Comparing human metalearning to AI

Friday, 14 July, 2023

Comparing human metalearning to AI

Researchers from the University of Tsukuba have compared the metarecognition of artificial intelligence to that of humans.

‘Metarecognition’ is the ability to objectively monitor, control and improve one’s learning ability. The researchers demonstrated that the human brain exhibits metacognitive abilities that regulate implicit motor learning to maximise monetary rewards.

Artificial intelligence differs in that it is perpetually optimal, while human metacognition exhibits an asymmetric bias in managing rewards (monetary gain) and punishments (monetary loss).

Monitoring and controlling one’s own learning process objectively is essential for improving one’s learning abilities. This ability, often referred to as “learning to learn” or “metacognition”, has been studied in educational psychology. Owing to the tight coupling between the higher meta-level and the lower object-level cognitive systems, a conventional reduction approach has difficulty understanding the neural basis of metacognition. To overcome this limitation, the researchers employed a novel research approach where they compared the metacognition of artificial intelligence (AI) to that of humans.

First, they demonstrated that the metacognitive system of AI, which aims to maximise rewards and minimise punishments, can effectively regulate learning speed and memory retention in response to the environment and task. Second, they demonstrated the metacognitive behaviour of human motor learning, which demonstrates that providing monetary feedback as a function of memory can either promote or suppress motor learning and memory retention.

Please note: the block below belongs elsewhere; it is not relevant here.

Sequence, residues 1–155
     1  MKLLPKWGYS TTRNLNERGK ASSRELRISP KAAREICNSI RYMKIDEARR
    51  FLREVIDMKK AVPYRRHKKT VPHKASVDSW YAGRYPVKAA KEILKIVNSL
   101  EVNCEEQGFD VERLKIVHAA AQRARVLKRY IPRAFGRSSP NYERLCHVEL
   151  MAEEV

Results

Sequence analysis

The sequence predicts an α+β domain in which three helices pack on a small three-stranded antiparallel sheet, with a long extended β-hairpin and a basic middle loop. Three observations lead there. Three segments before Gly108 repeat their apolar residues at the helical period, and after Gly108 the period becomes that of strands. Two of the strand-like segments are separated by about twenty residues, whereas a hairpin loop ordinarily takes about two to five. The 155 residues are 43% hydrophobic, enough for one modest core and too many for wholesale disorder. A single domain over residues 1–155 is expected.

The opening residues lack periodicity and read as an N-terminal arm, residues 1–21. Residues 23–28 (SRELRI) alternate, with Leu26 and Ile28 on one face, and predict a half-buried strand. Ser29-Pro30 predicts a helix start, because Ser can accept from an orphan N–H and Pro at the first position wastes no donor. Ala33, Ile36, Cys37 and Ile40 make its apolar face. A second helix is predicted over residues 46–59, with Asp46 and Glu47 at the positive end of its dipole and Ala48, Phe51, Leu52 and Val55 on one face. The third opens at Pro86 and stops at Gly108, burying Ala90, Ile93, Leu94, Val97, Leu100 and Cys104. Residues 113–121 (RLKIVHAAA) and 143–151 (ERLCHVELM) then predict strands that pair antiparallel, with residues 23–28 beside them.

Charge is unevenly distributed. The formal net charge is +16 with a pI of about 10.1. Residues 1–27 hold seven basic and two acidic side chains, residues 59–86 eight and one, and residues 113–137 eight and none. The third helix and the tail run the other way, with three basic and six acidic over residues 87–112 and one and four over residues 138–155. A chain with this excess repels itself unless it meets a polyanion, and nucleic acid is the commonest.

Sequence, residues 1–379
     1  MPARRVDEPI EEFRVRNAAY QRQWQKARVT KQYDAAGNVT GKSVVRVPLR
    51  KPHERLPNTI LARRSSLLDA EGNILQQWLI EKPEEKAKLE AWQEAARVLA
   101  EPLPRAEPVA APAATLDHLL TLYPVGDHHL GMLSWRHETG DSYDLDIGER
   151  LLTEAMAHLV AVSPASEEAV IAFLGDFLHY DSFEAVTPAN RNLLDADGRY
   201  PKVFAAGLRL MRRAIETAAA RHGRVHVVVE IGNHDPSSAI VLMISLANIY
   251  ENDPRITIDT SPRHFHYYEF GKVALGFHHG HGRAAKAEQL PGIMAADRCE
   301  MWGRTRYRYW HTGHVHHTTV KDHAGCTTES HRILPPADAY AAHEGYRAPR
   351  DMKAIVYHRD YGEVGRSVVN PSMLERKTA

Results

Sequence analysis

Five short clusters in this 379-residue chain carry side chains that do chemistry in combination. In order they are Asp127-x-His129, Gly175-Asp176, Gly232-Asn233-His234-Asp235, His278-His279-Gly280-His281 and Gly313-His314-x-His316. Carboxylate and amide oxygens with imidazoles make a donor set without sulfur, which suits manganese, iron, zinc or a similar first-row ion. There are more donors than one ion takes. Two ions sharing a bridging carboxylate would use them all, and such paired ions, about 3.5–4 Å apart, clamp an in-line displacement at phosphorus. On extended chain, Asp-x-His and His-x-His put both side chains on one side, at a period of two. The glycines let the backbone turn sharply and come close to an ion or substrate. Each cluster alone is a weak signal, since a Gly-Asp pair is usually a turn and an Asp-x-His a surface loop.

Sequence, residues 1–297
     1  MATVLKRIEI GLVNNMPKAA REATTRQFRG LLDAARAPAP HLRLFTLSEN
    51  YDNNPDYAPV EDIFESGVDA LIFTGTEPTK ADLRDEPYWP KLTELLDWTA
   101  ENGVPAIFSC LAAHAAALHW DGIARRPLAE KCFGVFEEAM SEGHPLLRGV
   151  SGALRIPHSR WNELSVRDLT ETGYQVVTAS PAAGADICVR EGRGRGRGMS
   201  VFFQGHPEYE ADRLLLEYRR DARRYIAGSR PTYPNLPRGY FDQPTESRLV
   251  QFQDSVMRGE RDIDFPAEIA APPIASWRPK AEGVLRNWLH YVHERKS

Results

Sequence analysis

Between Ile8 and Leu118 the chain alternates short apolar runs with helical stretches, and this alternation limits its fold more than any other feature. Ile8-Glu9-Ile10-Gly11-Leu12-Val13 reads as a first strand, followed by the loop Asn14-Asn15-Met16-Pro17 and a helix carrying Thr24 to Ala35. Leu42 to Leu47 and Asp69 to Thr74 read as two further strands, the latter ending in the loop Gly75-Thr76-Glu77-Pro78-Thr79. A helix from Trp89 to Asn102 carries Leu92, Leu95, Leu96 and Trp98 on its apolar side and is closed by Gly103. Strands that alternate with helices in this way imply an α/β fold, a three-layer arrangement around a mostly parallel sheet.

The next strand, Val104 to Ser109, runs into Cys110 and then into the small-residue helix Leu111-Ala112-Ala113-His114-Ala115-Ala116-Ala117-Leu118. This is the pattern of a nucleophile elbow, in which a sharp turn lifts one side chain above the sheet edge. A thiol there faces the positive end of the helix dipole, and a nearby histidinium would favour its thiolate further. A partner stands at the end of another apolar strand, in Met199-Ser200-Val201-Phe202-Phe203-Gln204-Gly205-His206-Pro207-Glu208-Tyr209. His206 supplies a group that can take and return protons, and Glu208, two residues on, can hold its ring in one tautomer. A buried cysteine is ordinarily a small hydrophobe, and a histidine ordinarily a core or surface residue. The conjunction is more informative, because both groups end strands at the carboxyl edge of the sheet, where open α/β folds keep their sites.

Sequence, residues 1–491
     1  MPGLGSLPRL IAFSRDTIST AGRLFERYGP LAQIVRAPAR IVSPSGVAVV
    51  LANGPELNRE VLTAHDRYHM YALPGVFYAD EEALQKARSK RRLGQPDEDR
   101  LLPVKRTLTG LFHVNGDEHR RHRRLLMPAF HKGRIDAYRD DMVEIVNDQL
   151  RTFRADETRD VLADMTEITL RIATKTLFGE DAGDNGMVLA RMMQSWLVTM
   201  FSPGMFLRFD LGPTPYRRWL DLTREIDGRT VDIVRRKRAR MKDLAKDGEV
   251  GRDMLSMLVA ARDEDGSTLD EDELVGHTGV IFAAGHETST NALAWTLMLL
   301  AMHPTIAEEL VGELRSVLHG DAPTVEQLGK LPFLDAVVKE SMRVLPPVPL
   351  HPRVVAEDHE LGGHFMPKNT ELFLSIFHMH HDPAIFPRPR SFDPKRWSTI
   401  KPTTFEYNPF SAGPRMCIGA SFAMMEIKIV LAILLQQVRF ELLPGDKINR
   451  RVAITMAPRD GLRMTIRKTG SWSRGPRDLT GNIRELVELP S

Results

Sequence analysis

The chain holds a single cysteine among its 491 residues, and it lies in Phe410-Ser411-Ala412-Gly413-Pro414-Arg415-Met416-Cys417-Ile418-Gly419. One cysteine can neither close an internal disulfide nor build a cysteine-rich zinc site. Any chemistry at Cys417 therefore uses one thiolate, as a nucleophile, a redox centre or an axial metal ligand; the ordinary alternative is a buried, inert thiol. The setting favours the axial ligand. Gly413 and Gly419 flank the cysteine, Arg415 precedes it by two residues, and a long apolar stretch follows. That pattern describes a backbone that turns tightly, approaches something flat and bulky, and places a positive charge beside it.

Notably, while AI exhibited equal metacognitive abilities for reward and punishment, humans exhibited an asymmetric response to monetary gain and loss; humans adjust their memory retention in response to gain and their learning speed in response to loss. This asymmetric property may provide valuable insights into the neural mechanisms underlying human metacognition.

Researchers anticipate that these findings could be effectively applied to enhance the learning abilities of individuals engaging in new sports or motor-related activities, such as post-stroke rehabilitation training.

Image credit:

Related Articles

SaaS uplift to boost student experience

Bond University recently migrated to TechnologyOne's software-as-a-service (SaaS)...

Tech partnership simplifies school administration

Atturra has partnered with Brisbane Grammar School to deliver a student information system (SIS)...

Does online delivery trump the classroom?

A new study by Charles Darwin University has explored the effectiveness of online learning when...

  • All content Copyright © 2024 Westwick-Farrow Pty Ltd